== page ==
Our community is fractured. The City must regain the trust of residents and social licence to move forward, to have real discussions on growth, affordability, fiscal responsibility, ageing infrastructure, environment and climate change, safety in public spaces and open use of illicit drugs. Quality of life issues need to be brought to the fore while we grapple with homelessness. As your councillor, I will make decisions based on evidence, and ensure resident and local business voices are heard. I have proven commitment to forwarding public interest, and to change. I will bring balance to City council. Strong neighbourhoods make a strong city.

Riga Godron

1. Stop the gentrification of Victoria by legislating affordable housing into each new development.

2. Build bridges to facilitate public private partnerships to upgrade the events the city sponsors to ensure better fiscal management.

3. Bring voice to council of the demographics that are not currently enfranchised by making decisions based on majority mandate.

James Harasymow

Did not respond

Rose Henry

I came to Victoria 32 years ago as a single parent wanting to pursue an education. Along the journey, I have witnessed a huge gentrification of our capital city that has made living here a serious challenge for a lot of low income to middle-class residents.

I would like to help make Victoria more affordable to live in by supporting a rental program that would put a cap on rental rates.

I would like to see more local small businesses owned and run by local residents and promoting local produces.

I have to be honest about the school trustees and the responsibilities they have. I don’t know enough about this group’s service. But if it has anything to do with accessibility to school and improving the quality of for Indigenous students or students with disabilities then I would do my best to advocate for them and encourage parents to get more involved with their children’s education

Ben Isitt

1. Affordable Housing

2. Sustainable Transportation

3. Strong Neighbourhoods

I will make Victoria a better place by continuing to advance social justice, environmental stewardship and good government as a City councillor and CRD Director. I’ve worked hard at the grassroots level my entire adult life standing up for people and the planet, and I continue to apply this perspective as an elected official.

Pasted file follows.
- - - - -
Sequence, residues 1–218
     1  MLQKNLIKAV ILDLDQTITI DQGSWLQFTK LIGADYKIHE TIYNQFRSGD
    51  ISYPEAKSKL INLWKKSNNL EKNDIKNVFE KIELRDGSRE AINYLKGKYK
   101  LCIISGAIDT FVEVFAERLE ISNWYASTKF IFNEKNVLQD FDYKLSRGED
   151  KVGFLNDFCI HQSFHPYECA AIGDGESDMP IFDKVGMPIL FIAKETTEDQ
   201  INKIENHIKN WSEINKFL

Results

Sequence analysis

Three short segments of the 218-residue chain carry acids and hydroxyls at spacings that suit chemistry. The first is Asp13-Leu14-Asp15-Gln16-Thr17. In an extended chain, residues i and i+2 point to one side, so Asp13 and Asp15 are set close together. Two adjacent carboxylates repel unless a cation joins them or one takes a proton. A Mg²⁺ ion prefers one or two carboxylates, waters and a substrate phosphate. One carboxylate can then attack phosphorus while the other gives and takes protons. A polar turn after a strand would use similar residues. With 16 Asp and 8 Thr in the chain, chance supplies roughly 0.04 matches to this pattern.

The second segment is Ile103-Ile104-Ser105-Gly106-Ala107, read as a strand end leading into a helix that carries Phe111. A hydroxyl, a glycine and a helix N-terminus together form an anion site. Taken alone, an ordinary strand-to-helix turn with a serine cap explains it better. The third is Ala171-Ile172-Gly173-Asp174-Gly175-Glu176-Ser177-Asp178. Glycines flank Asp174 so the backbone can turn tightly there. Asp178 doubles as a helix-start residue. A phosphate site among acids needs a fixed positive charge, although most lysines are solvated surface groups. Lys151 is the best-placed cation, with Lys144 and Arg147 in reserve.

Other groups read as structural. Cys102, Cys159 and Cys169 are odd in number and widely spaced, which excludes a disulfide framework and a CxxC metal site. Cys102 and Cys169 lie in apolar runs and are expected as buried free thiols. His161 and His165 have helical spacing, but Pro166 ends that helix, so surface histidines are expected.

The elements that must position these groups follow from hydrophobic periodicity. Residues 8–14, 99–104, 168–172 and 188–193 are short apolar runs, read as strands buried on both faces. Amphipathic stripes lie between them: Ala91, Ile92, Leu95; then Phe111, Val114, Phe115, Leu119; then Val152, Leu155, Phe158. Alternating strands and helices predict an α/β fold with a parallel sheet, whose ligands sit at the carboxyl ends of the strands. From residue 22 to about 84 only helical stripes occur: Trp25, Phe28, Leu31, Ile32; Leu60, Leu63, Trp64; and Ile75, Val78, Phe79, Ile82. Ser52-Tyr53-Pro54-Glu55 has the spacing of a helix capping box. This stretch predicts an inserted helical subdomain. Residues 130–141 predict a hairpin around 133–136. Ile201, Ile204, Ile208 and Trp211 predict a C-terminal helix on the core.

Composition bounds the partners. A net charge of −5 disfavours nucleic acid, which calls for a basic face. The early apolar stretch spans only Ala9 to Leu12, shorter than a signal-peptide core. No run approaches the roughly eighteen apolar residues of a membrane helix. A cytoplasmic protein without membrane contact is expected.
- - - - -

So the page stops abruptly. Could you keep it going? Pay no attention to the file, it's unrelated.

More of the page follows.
With your support, we can continue building an inclusive, sustainable city and region, where no one is left behind and where we look after and clean up the natural environment that sustains us all. I encourage you to visit my website and get involved in this election – by taking a lawn sign, volunteering to help and voting for progressive values and progressive candidates on Oct. 20. Thank you for your support.

Jesse Jimenez

1. Have a real municipal identity for Victoria.

2. Have Victoria fully control its transportation.

3. Have Victoria focus on long term solutions and not short term fancy ideas.

I could make Victoria a better place by focusing on real issues. We need to address that there are students going to school hungry. We need to have long term economic systems that will generate a decent income for families. So, we need to attract and build industries that will promulgate the prosperity idea with least damage to our environment.

We also need to address the situation of individuals earning income in Victoria and taking it to their homes in our neighboring communities. We should benefit from the money that is earned in our city. In this fashion, even the small local business will grow rather than stagnate or collapse.

Randie Johal

1. Transportation

2. Homelessness

3. Affordability

I would make our municipality a better place by:

1) Increasing/promoting bus transportation, with our main objective of encouraging the single-occupant driver to ride transit. There could be a cost analysis on making bus service free for all k-12 children with financing through provincial or federal funds. In addition, we could look at Camosun and UVic passes being approved as a yearly pass rather than per semester.